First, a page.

Observers agree that money (funds) have become an integral part of politics in Bhutan and that those without money may not even get the opportunity to participate as candidates
In another milestone of Bhutan’s political journey, Druk Thuendrel Tshogpa (DTT) was officially registered as a political party on August 22, 2022, becoming the sixth political party to be registered.
While the registration has been obtained, the party has a lot to do and in the words of the Party President, Kinga Tshering, the greatest challenges are political presence, recognition, and finance. Political observers also agree about it.
Kinga Tshering said that as the party is new, the public may not recognize the party. However, he said that DTT plans to reach out to all dzongkhags to introduce the party with permission from the Election Commission of Bhutan (ECB). He said that the party will appoint gewog and chiwog coordinators.
Another challenge of the new party would be mobilizing resources, the President said, which the party plans to raise through membership and registration fees and voluntary donations. Similarly, the party’s general secretary (GS) Wangchuk shared similar concerns. He said, “The presence of the party is not felt now.”
While the president and GS did not elaborate on what kind of funds the party is talking about, a former member of another political party said that despite very stringent rules from the ECB, complaints from rival parties, and others, money has become an integral part of politics in Bhutan.
“You need money to travel around, meet people, and campaign. And in doing so, politicians have to take gifts for their supporters and coordinators. Then, you need money to give as ‘soelra,’ at houses you visit and stay,” he said, adding there have also been instances of reports filed to the ECB even about bribery during elections in the past.
He added that DTT may not face the “standpoint” challenge as people know that a new party is coming. “As there is only one new party as of now, the party also has an edge. However, in terms of funds, the party definitely will face challenges,” he said.
Senior media personnel and political observer added that money and politics are now entangled and the bond is becoming stronger by the day. “Candidates need money and I have heard that political parties also look for candidates who are rich and can contribute unless you are a very strong candidate in a constituency.”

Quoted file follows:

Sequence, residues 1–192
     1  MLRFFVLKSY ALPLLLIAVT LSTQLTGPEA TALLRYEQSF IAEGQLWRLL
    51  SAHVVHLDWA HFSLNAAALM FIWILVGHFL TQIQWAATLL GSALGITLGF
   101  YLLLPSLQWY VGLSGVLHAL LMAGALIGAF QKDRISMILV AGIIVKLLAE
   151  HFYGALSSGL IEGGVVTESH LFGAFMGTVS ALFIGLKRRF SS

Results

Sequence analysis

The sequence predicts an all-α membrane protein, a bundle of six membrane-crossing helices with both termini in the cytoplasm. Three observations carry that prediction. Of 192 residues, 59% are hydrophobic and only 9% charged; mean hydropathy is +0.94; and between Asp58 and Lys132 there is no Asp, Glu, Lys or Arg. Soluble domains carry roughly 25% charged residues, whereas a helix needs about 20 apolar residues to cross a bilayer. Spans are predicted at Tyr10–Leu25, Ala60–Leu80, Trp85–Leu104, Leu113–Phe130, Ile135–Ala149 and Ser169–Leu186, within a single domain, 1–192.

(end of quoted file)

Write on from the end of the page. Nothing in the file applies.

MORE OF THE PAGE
He added that it is a very unpleasant development and would deprive those who are capable but not economically well-off of joining politics. “Only if you have money can you go frequently to your constituency to the campaign. Further, giving gifts is an integral part of our culture. People come with Tshogchangs, where you need to give some money,” he said.
An aspiring politician also had the same to say. “I do not know who should be blamed. Perhaps the ball falls in the courts of former candidates and parties and giving gifts and money has become part of politics,” he said.
According to him, when he called up his supporters saying he is coming to the constituency just for a visit, his supporters gave him a list of what should be brought.
“It is gold-toe full stockings for men; tegos or wonjos for women. I was also asked to bring new crispy currencies of denominations ranging from Nu 100 to Nu 1,000,” he said, adding that his supporters even knew from which shop in Thimphu I could get the materials at a cheaper rate.
A former supporter of a political party said she was surprised to see the amount of money a candidate had in the 2018 elections.
“He had brought several gifts including plates, cups, and others. Apart from that, he had enough money to give as ‘soelras,’” she said, adding that she has now told people to take whatever politicians give, irrespective of which political party they belong to.
“Ultimately, you can vote for the party of your choice,” she said.
Further, she mentioned that there is enough time, even now for the ECB to do something. “I understand that the ECB has other important things to do.
However, an area they should focus on is money and politics. If not, democracy in Bhutan could become like those of other countries, where money determines who wins.”
Sangay Rabten from Thimphu